Top 12 Most Healthy Benefits of Lentils (#11 Really Surprised Us!)

Lentils may be individually small, but they pack one heck of a nutritious punch. They’re full of essential minerals and nutrients like potassium, iron, folate, zinc, and calcium – all of which are important for your body’s well being. And they provide one of the richest sources of dietary fiber on earth. If you haven’t already made lentils a part of your weekly diet plan, here are twelve reasons why you should seriously consider doing so.

The Top 12 Health Benefits of Lentils

1. High in dietary fiber. Here’s a fun lentils nutrition fact: just one cup provides you with 63% of your recommended daily allowance of dietary fiber. They contain both soluble and insoluble fiber — both of which are important for your overall health.

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Top 12 Biggest Lies of Mainstream Nutrition

There is a lot of misinformation circling around in mainstream nutrition

I have listed the worst examples in this article, but unfortunately this is just the tip of the iceberg.

Here are the top 11 biggest lies, myths and misconceptions of mainstream nutrition.

1. Eggs Are Unhealthy

There’s one thing that nutrition professionals have had remarkable success with… and that is demonizing incredibly healthy foods.

The worst example of that is eggs, which happen to contain a large amount of cholesterol and were therefore considered to increase the risk of heart disease.

But recently it has been proven that the cholesterol in the diet doesn’t really raise the cholesterol in blood. In fact, eggs primarily raise the “good” cholesterol and are NOT associated with increased risk of heart disease (1, 2).

What we’re left with is one of the most nutritious foods on the planet. They’re high in all sorts of nutrients along with unique antioxidants that protect our eyes (3).

To top it all of, despite being a “high fat” food, eating eggs for breakfast is proven to cause significant weight loss compared to bagels for breakfast (4, 5).

Bottom Line: Eggs do not cause heart disease and are among the most nutritious foods on the planet. Eggs for breakfast can help you lose weight.

2. Saturated Fat is Bad For You (more…)

Up For Debate: Are All Calories Created Equal?

Measuring Calories
In our never-ending search for effective diets, several weight loss programs have adopted the principle that what really matters is not the foods you eat, but how many calories you actually take in.

In other words, it doesn’t matter if you eat pizza and ice cream or salmon and vegetables. As long as you stay within an allotted number of calories—or certain amount of “points”—allowed per day, you will lose weight. (more…)

Quinoa, A Complete Plant Protein

The days when people worried about combining foods to be sure they got complete protein in every meal are behind us. Experts have concluded that the body can get all the essential amino acids it needs to make protein from foods consumed over a one- to two-day period. [1] But that doesn’t mean you should shy away from complete protein foods, especially when they are low in fat, cholesterol-free and a good source of fiber, vitamins and other important nutrients. Which food can offer all of these healthful characteristics? No, it’s not a meat or dairy product, but a delicious complete plant protein called quinoa. (more…)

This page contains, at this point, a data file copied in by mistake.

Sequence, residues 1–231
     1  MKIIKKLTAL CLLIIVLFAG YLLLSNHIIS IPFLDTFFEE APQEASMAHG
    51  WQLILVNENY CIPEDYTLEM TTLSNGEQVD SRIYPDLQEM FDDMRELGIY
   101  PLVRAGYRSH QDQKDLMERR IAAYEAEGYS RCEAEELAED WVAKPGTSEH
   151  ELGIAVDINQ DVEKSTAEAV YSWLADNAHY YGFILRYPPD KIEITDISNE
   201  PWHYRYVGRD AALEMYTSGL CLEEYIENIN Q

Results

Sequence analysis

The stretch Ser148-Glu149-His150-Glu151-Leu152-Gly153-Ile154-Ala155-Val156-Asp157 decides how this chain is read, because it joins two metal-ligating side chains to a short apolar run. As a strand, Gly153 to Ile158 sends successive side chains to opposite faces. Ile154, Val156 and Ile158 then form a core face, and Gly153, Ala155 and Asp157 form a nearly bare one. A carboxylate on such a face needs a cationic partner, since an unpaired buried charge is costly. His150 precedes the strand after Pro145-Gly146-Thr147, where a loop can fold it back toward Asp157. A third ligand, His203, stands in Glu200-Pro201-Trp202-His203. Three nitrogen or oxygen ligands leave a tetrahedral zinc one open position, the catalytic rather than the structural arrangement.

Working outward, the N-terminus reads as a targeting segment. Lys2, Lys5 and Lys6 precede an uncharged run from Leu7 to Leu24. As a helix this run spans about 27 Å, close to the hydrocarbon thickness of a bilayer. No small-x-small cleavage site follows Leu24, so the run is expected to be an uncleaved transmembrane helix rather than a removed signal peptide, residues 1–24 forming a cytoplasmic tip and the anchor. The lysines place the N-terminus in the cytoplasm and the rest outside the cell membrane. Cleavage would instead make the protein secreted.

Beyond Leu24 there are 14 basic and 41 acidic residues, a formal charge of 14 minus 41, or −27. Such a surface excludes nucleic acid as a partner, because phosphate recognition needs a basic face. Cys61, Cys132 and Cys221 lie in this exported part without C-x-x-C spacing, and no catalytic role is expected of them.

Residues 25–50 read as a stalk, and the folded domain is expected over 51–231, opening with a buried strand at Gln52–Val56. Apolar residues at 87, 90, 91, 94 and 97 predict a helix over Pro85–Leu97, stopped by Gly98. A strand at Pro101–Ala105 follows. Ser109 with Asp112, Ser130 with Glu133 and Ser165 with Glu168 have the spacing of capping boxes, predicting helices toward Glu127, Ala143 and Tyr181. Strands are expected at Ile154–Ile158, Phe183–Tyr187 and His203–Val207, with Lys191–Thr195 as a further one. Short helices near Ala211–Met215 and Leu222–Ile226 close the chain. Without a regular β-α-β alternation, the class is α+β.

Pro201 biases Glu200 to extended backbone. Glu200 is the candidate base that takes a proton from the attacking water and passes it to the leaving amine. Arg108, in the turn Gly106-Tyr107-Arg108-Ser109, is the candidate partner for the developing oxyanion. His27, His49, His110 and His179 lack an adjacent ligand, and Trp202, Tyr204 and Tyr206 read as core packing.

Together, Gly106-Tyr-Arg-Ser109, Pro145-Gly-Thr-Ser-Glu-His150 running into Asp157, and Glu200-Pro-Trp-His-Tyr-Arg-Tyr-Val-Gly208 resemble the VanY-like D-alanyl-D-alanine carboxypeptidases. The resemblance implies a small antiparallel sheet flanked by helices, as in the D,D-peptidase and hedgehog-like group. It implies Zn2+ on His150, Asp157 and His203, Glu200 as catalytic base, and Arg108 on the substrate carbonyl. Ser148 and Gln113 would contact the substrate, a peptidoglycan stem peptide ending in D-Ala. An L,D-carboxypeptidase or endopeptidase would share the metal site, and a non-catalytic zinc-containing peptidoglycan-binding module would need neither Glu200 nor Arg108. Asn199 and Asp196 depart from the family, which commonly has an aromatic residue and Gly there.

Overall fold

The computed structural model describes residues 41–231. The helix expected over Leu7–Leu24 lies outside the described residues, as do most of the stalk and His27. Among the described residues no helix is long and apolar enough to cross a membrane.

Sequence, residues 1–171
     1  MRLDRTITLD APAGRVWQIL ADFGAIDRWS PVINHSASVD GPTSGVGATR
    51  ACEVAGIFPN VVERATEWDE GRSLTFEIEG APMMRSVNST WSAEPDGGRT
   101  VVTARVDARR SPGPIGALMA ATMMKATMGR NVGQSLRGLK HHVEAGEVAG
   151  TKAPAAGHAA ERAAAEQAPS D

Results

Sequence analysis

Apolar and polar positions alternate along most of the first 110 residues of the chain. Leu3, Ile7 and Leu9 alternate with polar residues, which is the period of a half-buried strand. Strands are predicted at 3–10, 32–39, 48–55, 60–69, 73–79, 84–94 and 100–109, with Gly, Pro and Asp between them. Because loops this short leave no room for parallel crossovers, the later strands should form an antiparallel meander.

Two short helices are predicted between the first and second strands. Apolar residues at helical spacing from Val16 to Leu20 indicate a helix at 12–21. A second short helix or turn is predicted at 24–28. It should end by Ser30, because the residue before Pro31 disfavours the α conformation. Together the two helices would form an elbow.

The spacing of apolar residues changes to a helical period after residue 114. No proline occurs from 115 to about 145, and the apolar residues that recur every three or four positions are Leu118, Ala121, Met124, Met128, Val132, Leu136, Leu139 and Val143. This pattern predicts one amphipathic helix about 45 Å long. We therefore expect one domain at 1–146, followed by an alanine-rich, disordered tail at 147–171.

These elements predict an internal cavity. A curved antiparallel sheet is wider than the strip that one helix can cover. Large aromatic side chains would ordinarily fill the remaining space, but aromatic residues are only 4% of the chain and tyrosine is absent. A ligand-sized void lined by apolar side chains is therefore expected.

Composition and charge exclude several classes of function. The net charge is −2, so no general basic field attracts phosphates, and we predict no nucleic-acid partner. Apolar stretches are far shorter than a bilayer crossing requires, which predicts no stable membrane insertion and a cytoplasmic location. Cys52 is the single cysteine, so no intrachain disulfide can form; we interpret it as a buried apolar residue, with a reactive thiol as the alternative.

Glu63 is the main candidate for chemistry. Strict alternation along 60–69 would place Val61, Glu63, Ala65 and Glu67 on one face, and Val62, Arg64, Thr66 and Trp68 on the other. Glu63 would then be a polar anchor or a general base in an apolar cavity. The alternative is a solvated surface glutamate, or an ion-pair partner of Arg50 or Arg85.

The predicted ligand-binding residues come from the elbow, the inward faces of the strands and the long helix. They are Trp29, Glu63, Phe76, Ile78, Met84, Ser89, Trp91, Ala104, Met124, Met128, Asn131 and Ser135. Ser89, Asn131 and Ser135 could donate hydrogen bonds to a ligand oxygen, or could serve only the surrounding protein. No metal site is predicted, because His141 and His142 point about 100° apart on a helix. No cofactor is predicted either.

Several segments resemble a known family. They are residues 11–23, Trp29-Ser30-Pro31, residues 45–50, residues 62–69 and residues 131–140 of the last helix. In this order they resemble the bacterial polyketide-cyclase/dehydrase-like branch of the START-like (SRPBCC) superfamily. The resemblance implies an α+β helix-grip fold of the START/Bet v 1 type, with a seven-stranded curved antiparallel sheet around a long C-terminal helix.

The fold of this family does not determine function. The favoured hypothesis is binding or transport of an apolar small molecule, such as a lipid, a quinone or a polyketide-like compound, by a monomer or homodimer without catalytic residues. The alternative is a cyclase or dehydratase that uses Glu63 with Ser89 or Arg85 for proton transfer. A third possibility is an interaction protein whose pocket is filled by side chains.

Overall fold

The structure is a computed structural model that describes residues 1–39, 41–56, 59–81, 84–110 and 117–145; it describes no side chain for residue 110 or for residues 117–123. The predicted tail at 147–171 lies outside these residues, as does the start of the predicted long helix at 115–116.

How You Can Have High Blood Sugar Without Carbs

High blood sugar is bad. Carbohydrates raise blood sugar. Therefore carbohydrates are bad. The theory is simple, and yet incredibly flawed.

The truth is, you can have chronically high blood sugar even while religiously avoiding every starch and sugar in sight. Low-carb forums are littered with posts asking a very relevant question:

Why is my blood sugar so high when I’m not eating any carbs?

The answer is simple, yet often overlooked.

The Hormone that Raises Blood Sugar: No Carbohydrates Required (more…)

5 Foods for a High Protein Vegetarian Diet

Lisa Garber
Waking Times

In today’s McWorld, we often equate protein with a greasy, drippy burger. Protein is, in fact, a matter of amino acids, and it abounds in the plant kingdom. The trick is in knowing where to find it, knowledge that is especially needed be vegans and vegetarians. RDA recommendations for protein are from 0.36 to 0.45 grams per pound of body weight a day. That’s only 15 to 20% of calories—an amount easily attainable when including these foods for a high protein vegetarian diet.

High Protein Vegetarian Diet – 1. Dairy Products and Eggs (more…)

Low Carbohydrate Dieters: Beware of High Protein Intake

Most of us have heard something about low carb dieting. Whether it is the Atkins Diet or the Paleo Diet, carbohydrate restriction is becoming more popular as more people experience dramatic weight loss.

While restricting carbohydrate intake does offer several health benefits, there are also dangers involved with eating too much protein. (more…)

The Truth About Protein

The other day I was reminiscing about the long swim I completed for charity.   I also remember the nutrition and the first experience I had with supplementation.

I remember the day clearly.  I had gone into a local nutrition and health supplement store, looking for the best whey protein supplement.  I remember walking to the back and being completely overwhelmed by the amount of protein powder.  I had no idea if I needed high carb, low carb, muscle builder, or soy.  There were too many to choose from.  (more…)